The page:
Tuesday, August 9, 2011

Seal Adventure

Given the horrible tragedy this week of losing a number of Navy SEALs in Afghanistan, it's oddly appropriate that the primary geocache I undertook to log this week was called "SEAL Qualification Training" (GC1DHDF), so named because it's a mentally as well as physically challenging multi-cache with six stages. It was originally hidden in 2008 by Ted "Sketcher" Beach, but it's only been found a handful of times, and the last logged find before me was in April 2010. If you endeavor to complete this one all at once—assuming you correctly solve the puzzle to acquire the final coordinates—it's seven to eight miles of hiking on the Greensboro watershed trails. I opted to do it a stage at a time—one stage per hike (though I did end up finding stages 3 and 4 on one trip)—just so I'd have an excuse to get out there on the trails a number of times. Thus, on my several hikes, I managed to make it a cumulative total of something like 18–20 miles. But hey, I need the exercise! This one isn't necessarily a night cache, but it is set up with reflectors so that it can be done at night; alas, except for one hike which kept me out after dark, I ended up doing most of it in daylight. I do tend to enjoy the long arduous ones (and they're particularly arduous when it's a hundred degrees out, like today), especially when they're as well-conceived as this cache. Each stage leading up to the final is a micro or small container containing the coordinates to the next stage and a numerical clue. One must put those clues together correctly in order to get the coordinates for the final, which is a big old ammo can full of fun swag.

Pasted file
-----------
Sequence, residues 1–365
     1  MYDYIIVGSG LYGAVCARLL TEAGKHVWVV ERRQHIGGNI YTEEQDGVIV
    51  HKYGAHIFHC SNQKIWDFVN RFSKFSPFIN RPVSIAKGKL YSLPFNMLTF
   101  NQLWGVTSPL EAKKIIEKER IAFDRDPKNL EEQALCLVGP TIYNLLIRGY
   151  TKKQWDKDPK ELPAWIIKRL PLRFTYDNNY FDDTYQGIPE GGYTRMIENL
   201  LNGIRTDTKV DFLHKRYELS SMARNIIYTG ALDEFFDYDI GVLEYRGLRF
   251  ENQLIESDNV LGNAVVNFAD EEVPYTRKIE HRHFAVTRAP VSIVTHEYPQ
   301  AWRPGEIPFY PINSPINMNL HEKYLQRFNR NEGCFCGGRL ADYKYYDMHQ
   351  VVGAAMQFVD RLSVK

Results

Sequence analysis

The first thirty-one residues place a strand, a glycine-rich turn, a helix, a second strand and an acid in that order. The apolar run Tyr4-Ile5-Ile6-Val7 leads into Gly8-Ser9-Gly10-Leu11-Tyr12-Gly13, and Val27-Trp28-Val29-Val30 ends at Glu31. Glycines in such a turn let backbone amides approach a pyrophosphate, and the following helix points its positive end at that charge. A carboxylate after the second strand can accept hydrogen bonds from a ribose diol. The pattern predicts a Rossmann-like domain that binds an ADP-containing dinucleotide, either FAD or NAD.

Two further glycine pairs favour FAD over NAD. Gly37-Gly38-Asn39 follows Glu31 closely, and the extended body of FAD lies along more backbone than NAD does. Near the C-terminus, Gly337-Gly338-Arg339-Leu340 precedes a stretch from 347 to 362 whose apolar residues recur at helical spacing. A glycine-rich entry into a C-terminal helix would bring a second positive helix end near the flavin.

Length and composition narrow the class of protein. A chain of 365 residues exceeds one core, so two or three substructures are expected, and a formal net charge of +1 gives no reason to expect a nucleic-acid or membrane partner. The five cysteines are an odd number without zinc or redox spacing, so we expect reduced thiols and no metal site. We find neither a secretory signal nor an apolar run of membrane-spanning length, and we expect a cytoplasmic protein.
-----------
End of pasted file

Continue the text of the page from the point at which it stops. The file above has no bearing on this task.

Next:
There is a sequel to this cache, called "Hooyah" (GCV1JC), which I actually did many moons ago, and I'm kind of glad I did it first, as it was the easier of the two...a good one to ease you into the rigors of this one, heh heh.

If you're a local geocacher and you haven't found this one yet, I definitely recommend it (and its brother), whether all at once or on individual trips, the way I did. But get yourself in shape first. It's pretty rigorous.

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